Sarita Pal spent four to five hours daily, over the past two months, embroidering a piece of fabric along with her girl friends in Mijwan village. The material these youngsters have decorated, has been crafted into an attractive dresses that will be worn by top filmstars at a grand fashion event in Mumbai on Tuesday.
The show, 'Men in Mijwan', has been planned by ace designer Manish Malhotra to showcase the Chikankari creations of these village girls. Among the stars who will participate in the show are Amitabh Bachchan, Akshay Kumar, Ranbir Kapoor, Farhan Akhtar and Sidharth Malhotra.
Sarita, a 16-year-old student in class 12 at Kaifi Azmi Girls Inter College in Mijwan, is one of the more than 200 young women from the villages in Azamgarh and adjacent areas in Eastern Uttar Pradesh who have been encouraged by the designer, working through the Mijwan Welfare Society (MWS).
Chikankari is a delicate hand embroidery that is said to have been developed in Lucknow during the Mughal period, with styles inspired by the Persians. ('Chikan' literally means embroidery.)
The girls have learned the skill at MWS, which was established by poet late Kaifi Azmi over a decade ago. Today, this work is carried on by his daughter and actor Shabana Azmi together with her godchild Namrata Goyal. The NGO supports about 225 girls studying in class 9 to 12 and some 400 women.
On Tuesday, the filmstars of different generations will extend their support to the efforts to empower women.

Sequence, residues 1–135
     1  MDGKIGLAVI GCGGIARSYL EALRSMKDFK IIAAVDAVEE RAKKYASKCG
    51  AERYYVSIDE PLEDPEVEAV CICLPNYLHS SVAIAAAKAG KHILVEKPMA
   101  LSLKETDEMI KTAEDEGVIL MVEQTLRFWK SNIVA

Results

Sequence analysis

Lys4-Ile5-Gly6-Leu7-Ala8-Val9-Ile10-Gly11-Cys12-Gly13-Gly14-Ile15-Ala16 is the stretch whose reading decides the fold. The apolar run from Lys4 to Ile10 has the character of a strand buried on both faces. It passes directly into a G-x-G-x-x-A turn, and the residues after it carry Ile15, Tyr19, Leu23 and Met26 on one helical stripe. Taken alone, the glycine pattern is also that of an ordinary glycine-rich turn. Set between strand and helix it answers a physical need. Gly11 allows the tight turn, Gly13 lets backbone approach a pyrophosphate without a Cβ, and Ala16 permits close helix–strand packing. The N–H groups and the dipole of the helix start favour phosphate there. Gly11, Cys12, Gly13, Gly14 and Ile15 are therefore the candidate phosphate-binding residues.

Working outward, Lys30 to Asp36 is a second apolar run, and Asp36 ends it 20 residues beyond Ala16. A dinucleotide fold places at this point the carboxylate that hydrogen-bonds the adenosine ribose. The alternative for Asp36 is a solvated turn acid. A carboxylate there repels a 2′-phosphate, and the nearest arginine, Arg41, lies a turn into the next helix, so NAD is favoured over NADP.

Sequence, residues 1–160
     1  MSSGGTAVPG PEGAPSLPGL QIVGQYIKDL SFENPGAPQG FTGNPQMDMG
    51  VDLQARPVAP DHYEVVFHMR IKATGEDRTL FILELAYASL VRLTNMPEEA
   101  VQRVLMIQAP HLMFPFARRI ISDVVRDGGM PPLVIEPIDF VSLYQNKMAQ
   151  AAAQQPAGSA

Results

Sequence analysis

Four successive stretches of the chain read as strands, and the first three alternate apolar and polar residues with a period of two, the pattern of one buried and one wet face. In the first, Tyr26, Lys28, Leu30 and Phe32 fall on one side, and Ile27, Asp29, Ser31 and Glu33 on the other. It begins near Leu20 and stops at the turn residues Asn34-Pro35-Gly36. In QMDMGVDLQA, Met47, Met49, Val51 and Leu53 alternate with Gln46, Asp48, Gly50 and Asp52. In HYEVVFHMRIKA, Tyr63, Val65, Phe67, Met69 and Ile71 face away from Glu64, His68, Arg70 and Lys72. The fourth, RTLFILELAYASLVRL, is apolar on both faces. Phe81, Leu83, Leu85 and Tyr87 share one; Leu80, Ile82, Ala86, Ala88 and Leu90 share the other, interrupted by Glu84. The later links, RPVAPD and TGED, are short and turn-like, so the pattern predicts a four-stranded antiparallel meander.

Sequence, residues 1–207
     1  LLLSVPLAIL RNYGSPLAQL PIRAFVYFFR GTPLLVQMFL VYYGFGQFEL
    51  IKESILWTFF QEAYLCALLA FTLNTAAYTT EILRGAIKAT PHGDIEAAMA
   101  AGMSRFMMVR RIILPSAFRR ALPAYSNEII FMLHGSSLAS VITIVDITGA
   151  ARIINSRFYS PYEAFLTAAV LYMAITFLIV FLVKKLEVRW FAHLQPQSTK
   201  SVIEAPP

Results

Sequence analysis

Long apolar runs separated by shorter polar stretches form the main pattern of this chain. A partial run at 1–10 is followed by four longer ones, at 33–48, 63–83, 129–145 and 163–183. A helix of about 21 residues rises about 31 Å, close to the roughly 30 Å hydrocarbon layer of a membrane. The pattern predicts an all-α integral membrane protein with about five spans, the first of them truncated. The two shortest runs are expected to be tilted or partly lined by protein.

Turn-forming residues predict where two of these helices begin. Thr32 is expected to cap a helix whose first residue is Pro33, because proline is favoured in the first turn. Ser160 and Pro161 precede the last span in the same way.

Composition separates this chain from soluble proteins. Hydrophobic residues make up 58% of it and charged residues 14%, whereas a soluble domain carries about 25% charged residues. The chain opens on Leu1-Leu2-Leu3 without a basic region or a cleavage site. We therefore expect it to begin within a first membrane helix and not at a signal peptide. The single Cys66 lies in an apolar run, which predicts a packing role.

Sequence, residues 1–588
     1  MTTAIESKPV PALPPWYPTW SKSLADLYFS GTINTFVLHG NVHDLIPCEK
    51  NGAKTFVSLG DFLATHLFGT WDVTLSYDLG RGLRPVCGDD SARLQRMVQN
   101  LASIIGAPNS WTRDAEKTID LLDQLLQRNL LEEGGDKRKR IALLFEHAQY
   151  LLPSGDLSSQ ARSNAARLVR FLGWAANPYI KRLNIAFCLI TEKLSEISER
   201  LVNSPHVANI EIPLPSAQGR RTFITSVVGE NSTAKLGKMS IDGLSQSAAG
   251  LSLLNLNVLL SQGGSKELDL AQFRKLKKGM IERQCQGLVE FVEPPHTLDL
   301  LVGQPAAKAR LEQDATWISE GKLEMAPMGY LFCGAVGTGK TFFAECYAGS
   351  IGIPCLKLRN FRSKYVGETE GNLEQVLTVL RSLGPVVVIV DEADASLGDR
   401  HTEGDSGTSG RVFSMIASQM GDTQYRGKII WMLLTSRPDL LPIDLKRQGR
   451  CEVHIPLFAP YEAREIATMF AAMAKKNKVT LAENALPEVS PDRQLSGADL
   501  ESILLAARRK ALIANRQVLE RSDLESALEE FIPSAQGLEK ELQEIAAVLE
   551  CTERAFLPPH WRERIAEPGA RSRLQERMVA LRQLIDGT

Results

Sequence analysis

Sarita took up embroidery training after the death of her father a couple of years ago as she had to find a way to sustain herself and her five siblings.
"I was about to leave college to find some work, then the principal encouraged me to take up this work. It took me a few months to learn. Now I am happy that I am able to educate my brothers and sisters," she says. Sarita will miss the fashion event as she is occupied with her board exams.
The girls are determined to go ahead with their graduation, alongside the work. They are clear they will not marry before they are 18, so they don't land up in unnecessary difficulties like some who have married early.
"The girls have their own bank accounts and this gives them a sense of empowerment and pride. With this show, we want people to understand that men should also come forward to work to empower women," says Shabana.
The artfully embroidered materials are turned into lehengas, kalidars, kurtas and pants, even saris, for women, and sherwanis for the men in various tonnes of blue, pink, yellow and grey.
"After embroidery, the materials are sent for bleaching, re-dyeing, and then stitched into garments. What you see on the ramp is the result of 9-10 months of hard work," says Manish. "I get to showcase to the world the best that our country has to offer," he says, underlining the need to rediscover the old arts.